8 Myths About Responsible Tourism


Safety with lions on safari

I am impelled, not to squeak like a grateful and apologetic mouse, but to roar like a lion out of pride in my profession. –  John SteinbeckM

The mighty and majestic Lion.  Made out by some as a roaring beast.  Made out by some as a almost kind of personification of a human.  Some do tend to forget that a Lion is that; a lion, a wild animal, a creature of God’s creation.  Not to be personified, humanised or used for the will of mankind. And as “stamp of approval” on humanities personal interests and agendas.

Social media and the use and misuse of it for personal gain

On social media, concerned tourists are asking whether it is safe to go on safari. Many have criticised the poor woman for leaving her car windows open in spite of the many signs warning her not to do so. However, if an open window is so dangerous, is it safe to go on a safari that uses open vehicles for game drives?

Safety precautions is implemented for the sole reason of the human’s safety as well as those of the animal.  Appreciation and utilisation of game animals have been in close comparison with one another.  Like the thin line between life and death.  Human nature, however, looses focus of this, leading to a catastrophic downfall on both sides of the scale.

Confusing potential tourists even more, news headlines around the world proclaimed: “Lion kills American tourist at a game park in South Africa”. We’ve seen the words game reserve, game park, nature reserve and safari park all used in connection with this incident. The truth is that this was not an African safari and did not happen in a game reserve. This attack happened at a small lion park, which is very different from a normal African game reserve. It is not the first time an incident like this has occurred in a lion park yet you never hear of lions dragging tourists off open safari vehicles in bigger game reserves like the Kruger National Park.

Game Parks versus Natural open plains

The key issue in this case ( game parks) is that these lions are not entirely wild. These lions are kept in enclosures and have been raised in captivity (or in some cases rescued from abusive conditions). When lions are raised like this and fed by humans, they lose their natural fear of humans and they learn to associate humans with food.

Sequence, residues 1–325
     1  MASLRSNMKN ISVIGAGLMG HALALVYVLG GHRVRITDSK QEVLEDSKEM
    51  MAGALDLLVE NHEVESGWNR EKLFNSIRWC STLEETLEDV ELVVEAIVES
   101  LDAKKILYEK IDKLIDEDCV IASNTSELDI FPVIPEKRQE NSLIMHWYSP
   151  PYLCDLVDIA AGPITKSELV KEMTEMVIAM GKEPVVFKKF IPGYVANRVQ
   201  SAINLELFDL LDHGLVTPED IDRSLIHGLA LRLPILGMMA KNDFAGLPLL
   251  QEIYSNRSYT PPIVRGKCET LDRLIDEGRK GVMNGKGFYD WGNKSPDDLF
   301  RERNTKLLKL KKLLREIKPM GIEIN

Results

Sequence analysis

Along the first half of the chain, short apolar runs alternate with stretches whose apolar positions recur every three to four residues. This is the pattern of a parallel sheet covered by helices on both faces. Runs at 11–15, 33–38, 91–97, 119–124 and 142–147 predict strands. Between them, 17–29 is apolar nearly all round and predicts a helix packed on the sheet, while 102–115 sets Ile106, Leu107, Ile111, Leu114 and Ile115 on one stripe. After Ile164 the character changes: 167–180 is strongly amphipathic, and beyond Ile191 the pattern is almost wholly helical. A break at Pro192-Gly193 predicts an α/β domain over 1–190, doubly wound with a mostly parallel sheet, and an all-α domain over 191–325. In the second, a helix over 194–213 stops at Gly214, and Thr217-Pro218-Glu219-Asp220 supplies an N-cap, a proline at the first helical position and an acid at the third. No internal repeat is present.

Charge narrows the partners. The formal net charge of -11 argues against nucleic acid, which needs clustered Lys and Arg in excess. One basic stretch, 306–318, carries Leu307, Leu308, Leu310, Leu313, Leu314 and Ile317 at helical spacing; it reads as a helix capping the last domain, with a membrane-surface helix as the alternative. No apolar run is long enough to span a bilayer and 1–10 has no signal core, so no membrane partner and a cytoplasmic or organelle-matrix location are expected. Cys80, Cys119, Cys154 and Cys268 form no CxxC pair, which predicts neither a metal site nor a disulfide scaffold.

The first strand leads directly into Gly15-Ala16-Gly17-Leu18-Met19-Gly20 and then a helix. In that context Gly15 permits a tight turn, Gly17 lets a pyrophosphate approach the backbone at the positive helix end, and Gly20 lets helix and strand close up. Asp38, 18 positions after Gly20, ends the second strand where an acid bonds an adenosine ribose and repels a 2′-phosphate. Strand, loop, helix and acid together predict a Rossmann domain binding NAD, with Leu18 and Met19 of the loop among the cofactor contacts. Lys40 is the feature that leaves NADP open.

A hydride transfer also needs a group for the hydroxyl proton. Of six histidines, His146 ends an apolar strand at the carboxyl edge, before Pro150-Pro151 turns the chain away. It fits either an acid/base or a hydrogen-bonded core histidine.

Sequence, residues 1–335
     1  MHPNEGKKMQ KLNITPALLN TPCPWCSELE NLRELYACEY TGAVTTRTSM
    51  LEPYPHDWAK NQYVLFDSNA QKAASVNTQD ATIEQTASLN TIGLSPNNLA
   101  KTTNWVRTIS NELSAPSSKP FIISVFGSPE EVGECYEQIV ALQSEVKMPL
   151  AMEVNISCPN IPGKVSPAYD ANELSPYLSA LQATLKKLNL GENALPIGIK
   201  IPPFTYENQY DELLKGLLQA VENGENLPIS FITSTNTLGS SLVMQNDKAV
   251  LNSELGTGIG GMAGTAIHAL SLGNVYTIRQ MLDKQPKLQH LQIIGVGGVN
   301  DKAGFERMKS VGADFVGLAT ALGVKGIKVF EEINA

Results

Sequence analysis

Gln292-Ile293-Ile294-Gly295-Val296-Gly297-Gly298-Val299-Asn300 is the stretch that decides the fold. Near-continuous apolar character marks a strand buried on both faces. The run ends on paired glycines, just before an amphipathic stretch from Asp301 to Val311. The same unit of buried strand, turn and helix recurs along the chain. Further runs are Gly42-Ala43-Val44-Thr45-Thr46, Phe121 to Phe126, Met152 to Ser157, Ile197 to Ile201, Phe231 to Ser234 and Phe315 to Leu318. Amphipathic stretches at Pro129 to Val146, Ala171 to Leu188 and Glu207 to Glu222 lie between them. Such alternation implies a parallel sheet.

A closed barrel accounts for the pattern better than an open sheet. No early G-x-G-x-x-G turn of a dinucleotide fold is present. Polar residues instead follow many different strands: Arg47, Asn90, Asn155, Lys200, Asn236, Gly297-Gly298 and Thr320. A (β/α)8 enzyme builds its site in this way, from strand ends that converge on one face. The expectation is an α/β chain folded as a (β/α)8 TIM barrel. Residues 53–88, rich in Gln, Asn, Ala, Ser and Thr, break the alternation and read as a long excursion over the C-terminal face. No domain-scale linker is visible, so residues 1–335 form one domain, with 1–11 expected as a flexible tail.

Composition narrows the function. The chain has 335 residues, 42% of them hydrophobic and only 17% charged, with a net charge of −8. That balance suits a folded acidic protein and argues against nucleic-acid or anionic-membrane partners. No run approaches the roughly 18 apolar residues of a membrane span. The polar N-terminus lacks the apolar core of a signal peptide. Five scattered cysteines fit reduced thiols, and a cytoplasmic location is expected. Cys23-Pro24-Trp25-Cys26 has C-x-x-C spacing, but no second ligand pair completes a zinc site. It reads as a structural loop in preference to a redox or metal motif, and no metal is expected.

If it is not for this help and assistance in preserving our lion population and numbers, we will face the brink of extinction very soon.  It has however, need to be done responsibly and with only the animal and the impact of our actions that is taken into consideration before anything is done.

This is the critical difference between lions in a lion park and wild lions in a game reserve.  In game reserves, wild lions do not associate human beings with food. They are naturally fearful of humans and, unless you run away, they will not see humans as prey. They also do not associate vehicles with humans or with food.

Obey the rules set

The lion park has had similar incidents before, and the management is well aware of the dangerous nature of captive lions. This is why there are clear signs all over the park warning visitors not to alight from their vehicle or even to open their windows. Unfortunately, this tourist did not heed those warnings. Yet in the Kruger National Park, visitors have been driving around with open windows for many decades, and thousands have enjoyed close-up encounters with wild lions from the back of an open safari vehicle. Millions of tourists have safely visited Kruger in their own vehicles, and you never hear of lions dragging people from their cars there. Of course, there are rules in Kruger too. Do not alight from your vehicle. Please do not disturb the animals. You must not feed the animals. Do not stand up or hang out of the vehicle. If you heed these rules, you will be perfectly safe.

Before travelling, do some homework, make sure of the places and their animals you intend to visit.  Be willing to learn by listening.  To understand the actions of those who has that personal interaction and experience with these wild animals.  As the old saying goes – “do not pride yourself on being a “Jack of all trades, and a Master of none”.  

Nature is our responsibility, entrusted to us to take care of and utilise responsibly.  There are so much beauty in nature to see.  Do not keep yourself from experiencing this by thinking you are smarter than any animal. Or thinking that you can predict behaviour of wild animals.  Even those raised and rehabilitated still has that little “wild flame” burning in their being.  One should never loose sight of that.


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